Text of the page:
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Stone Harbor updates: February 28, 2015

Reports from Stone Harbor Point by Larry Niles, LJ  Niles and Associates LLC

February 28

Snow and ice still blanketed Stone Harbor Point yesterday, but the foul weather of Thursday gave way to a sunny  but cold day. H4 operated on all cylinders with one excavator at the borrow site loading two trucks to dump sand onto the southern habitat.   At the same time Boomer and Vicky Heun began work on the gunnel and our new habitat island on the bay side. All together they moved 180 truckloads, our best day yet.

The runnel and island are an experiment we hope will help restore colonial birds, least terns and skimmers, back to the point.  The new runnel (or shallow creek or channel) began to take shape after Boomer made the first cut into the bayside waters edge on the north end (see map below).

 

Map of the project areas showing the two habitat and the new runnel and island 

 

A comparison of the new runnel entrance before and after excavation. 

The job brings risks.  When operating a machine worth hundreds of thousands that weighs 88,000 lbs one worries about slipping into the sea. If it weren't for the frozen sand, the gargantuan machine might sink or topple when lifting the several tons of sand into the waiting all terrain dump truck. But as Boomer finished the first 50 yards, the danger lifted.   The incoming tide eventually halted work for the day.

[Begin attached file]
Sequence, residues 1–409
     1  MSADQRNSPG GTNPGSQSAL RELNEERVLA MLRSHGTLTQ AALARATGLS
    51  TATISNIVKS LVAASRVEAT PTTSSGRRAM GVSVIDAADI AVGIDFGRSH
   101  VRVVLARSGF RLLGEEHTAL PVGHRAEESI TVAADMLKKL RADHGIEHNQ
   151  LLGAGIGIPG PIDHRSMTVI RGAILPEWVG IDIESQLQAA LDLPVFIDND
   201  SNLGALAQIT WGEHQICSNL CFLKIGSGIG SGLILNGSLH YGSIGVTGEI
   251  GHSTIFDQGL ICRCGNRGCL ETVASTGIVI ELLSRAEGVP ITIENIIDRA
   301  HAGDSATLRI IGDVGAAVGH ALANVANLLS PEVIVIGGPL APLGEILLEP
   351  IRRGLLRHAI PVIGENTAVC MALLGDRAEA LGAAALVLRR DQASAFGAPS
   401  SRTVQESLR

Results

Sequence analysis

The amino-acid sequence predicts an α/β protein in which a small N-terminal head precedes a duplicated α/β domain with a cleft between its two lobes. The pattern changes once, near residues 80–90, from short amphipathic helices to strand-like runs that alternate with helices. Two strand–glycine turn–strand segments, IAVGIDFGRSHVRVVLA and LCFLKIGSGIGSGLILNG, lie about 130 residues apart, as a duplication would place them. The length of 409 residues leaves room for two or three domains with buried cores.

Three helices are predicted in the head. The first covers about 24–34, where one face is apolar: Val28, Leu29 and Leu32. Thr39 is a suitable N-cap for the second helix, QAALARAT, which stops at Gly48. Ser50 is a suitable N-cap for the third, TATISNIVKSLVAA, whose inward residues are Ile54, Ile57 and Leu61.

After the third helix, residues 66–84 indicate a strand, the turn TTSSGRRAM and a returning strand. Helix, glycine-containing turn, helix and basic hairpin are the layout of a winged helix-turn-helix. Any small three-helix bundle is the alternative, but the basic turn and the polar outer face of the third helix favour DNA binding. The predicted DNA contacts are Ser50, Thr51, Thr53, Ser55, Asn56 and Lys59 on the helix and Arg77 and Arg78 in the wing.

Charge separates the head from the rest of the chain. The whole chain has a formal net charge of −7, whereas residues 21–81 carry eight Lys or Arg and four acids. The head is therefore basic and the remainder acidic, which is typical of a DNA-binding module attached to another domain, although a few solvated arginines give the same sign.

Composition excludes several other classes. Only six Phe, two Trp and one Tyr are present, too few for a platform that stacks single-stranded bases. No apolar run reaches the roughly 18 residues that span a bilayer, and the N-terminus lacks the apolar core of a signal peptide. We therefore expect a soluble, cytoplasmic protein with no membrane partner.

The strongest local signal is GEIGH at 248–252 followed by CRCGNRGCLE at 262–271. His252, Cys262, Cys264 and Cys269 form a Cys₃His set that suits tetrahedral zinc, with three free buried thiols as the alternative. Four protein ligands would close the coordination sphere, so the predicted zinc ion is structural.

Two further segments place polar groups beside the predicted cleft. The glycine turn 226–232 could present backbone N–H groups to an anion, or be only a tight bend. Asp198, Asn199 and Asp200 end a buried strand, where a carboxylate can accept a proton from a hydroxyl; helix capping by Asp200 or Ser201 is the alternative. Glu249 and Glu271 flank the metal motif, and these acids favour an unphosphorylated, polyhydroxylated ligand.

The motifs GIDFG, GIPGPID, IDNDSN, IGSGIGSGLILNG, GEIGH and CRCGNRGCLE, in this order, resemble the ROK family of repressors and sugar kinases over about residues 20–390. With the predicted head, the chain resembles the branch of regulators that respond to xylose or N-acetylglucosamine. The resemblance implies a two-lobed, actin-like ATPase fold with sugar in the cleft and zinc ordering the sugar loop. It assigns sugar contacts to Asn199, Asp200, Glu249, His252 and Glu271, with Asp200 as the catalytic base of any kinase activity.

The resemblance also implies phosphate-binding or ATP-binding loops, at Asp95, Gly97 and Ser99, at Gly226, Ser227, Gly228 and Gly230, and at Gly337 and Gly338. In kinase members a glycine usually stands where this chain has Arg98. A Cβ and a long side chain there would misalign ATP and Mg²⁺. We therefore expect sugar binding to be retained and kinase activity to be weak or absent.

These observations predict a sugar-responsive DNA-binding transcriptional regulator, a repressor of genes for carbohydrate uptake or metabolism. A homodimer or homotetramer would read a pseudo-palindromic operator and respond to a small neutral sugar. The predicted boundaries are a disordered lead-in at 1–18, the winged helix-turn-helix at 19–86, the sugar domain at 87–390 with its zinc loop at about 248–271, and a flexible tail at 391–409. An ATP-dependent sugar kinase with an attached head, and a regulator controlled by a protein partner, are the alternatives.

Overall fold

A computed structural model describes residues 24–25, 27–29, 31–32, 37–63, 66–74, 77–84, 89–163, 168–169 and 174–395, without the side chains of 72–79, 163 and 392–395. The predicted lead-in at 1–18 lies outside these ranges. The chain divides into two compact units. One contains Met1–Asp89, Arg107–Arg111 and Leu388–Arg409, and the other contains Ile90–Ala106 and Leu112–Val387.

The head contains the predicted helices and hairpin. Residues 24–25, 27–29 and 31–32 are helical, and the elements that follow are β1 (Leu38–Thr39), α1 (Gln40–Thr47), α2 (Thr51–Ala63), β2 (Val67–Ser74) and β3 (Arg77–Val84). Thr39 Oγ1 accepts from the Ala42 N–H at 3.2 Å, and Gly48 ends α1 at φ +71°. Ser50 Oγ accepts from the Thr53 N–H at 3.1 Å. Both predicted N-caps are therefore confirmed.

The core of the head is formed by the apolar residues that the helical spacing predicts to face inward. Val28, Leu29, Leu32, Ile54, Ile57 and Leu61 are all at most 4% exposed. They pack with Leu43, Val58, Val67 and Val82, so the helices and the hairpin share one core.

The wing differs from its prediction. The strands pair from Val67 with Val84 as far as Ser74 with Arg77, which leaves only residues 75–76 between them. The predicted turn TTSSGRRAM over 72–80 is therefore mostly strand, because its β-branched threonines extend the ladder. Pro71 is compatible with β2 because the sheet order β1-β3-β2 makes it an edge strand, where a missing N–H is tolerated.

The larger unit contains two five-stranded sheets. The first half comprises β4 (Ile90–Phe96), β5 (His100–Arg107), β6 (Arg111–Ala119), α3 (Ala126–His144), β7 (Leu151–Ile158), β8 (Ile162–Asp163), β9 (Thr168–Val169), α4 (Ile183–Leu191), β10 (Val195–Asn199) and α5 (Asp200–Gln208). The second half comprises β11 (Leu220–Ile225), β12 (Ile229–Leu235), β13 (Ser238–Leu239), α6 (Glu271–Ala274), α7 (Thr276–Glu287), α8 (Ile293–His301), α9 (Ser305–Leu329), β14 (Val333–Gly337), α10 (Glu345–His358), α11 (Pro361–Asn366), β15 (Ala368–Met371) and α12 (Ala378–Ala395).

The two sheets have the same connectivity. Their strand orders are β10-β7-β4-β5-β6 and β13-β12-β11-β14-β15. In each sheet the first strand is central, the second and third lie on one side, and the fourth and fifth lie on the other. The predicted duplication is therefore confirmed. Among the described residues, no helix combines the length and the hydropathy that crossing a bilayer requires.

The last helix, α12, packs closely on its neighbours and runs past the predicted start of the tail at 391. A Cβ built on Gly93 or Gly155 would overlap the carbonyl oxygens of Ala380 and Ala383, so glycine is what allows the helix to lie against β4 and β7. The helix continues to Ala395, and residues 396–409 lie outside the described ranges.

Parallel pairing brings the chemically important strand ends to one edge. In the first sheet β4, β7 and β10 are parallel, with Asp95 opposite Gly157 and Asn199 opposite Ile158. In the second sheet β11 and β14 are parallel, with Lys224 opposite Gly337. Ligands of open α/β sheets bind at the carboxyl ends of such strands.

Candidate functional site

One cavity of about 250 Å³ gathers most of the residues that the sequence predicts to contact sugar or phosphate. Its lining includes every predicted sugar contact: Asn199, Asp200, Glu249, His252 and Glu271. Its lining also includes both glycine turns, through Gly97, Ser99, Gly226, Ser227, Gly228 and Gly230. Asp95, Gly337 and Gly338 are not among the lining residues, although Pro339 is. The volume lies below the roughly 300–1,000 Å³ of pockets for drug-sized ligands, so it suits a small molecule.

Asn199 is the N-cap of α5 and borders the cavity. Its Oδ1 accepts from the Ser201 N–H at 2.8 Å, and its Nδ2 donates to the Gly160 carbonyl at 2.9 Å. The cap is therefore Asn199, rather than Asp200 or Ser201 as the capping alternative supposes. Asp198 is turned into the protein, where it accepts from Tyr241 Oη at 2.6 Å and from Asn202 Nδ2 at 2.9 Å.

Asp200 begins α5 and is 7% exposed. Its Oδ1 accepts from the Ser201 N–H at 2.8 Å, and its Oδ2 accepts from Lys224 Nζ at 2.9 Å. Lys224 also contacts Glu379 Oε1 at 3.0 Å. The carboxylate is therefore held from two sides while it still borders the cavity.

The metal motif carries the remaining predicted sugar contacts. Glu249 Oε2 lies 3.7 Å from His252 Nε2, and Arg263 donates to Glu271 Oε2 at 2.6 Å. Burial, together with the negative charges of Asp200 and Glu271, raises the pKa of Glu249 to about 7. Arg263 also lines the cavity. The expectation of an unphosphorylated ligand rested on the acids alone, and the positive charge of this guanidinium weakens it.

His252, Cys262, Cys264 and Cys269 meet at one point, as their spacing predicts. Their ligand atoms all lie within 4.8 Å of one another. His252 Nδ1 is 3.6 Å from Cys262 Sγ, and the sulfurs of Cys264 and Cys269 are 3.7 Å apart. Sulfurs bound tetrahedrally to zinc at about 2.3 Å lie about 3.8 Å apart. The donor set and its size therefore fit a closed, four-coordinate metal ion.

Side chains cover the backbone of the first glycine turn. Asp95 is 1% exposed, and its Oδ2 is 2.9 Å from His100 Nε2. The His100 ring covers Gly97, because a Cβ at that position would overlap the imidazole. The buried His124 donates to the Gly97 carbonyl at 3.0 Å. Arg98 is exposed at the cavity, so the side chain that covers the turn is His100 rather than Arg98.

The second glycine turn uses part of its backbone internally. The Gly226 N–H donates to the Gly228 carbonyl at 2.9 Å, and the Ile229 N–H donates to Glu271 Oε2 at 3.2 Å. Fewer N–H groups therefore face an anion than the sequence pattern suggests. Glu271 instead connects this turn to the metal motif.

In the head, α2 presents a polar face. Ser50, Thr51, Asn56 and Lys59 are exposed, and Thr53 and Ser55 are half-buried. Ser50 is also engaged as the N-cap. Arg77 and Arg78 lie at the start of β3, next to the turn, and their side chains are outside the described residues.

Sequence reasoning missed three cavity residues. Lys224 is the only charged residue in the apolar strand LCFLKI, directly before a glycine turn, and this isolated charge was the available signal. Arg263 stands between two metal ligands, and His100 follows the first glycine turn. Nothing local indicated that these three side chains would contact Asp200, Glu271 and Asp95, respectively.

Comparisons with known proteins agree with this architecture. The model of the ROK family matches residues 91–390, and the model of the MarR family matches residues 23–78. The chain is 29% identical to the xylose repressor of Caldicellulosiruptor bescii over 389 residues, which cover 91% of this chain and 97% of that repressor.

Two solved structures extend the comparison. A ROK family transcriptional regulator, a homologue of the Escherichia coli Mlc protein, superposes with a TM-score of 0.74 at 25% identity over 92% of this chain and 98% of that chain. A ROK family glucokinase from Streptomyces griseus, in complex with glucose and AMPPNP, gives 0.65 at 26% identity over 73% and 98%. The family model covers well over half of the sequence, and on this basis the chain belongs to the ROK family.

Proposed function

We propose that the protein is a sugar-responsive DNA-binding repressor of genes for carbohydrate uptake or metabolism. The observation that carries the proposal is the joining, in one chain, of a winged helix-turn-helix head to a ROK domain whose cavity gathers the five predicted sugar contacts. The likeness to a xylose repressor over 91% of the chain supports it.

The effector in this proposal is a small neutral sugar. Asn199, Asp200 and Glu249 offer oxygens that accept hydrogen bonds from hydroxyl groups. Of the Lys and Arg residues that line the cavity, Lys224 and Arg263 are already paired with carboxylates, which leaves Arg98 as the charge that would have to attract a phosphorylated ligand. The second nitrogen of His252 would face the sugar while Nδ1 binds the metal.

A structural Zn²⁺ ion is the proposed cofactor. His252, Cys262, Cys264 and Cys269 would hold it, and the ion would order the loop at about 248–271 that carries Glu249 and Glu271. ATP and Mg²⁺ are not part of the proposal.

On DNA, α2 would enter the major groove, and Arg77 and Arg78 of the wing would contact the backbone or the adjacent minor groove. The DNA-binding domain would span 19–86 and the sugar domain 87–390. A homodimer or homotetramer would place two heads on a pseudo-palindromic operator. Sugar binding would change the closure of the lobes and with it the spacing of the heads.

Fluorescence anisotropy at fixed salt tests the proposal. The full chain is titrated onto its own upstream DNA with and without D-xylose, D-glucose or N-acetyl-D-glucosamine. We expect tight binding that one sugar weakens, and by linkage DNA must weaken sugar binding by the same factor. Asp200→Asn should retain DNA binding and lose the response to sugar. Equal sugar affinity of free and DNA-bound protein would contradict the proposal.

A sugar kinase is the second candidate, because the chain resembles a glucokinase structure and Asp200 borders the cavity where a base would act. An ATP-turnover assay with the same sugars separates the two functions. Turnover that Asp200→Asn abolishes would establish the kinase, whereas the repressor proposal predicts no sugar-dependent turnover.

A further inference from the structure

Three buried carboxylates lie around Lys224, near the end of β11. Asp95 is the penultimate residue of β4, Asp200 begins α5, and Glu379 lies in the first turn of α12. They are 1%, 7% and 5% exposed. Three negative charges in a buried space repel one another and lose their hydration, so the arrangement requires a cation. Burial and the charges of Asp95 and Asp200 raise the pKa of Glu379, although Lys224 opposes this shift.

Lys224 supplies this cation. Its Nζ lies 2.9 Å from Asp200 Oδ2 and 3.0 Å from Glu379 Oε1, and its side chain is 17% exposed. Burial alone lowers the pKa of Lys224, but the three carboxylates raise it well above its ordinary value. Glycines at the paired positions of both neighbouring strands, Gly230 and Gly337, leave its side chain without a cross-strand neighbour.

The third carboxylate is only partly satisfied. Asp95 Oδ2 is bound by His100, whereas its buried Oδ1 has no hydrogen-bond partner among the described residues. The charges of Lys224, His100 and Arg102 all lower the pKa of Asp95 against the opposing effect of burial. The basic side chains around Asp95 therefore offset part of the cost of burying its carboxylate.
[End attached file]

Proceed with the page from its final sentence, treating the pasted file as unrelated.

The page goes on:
Boomer and Vicky Heun operating the excavator and dumbstruck on the new runnel 

 

The southern habitat gradually takes form and the northern habitat is nearly complete. We began the search for shell to cover the habitats. Beach nesters prefer beach with about 20% coverage with broken shell sprinkled with the occasional whole shell to provide vital protection from wind blown sand especially important to tiny chicks.  Shell can be purchased easily in Cape May and Cumberland county because of the robust clam fishery. Unfortunately we can't used recently shucked clam shell, because remnant flesh will attract predators, and most of the shell is crushed before being composted. Somehow we have to find clean whole shell to spread with the broken shell. Shell spreading should start next week. 

 

 

Crushed shell for the project 

 

Work continues today (Saturday) to help stay within our permitted time restrictions. We are being asked to be done by March 7th.  

 

 

Dunlin braving the snow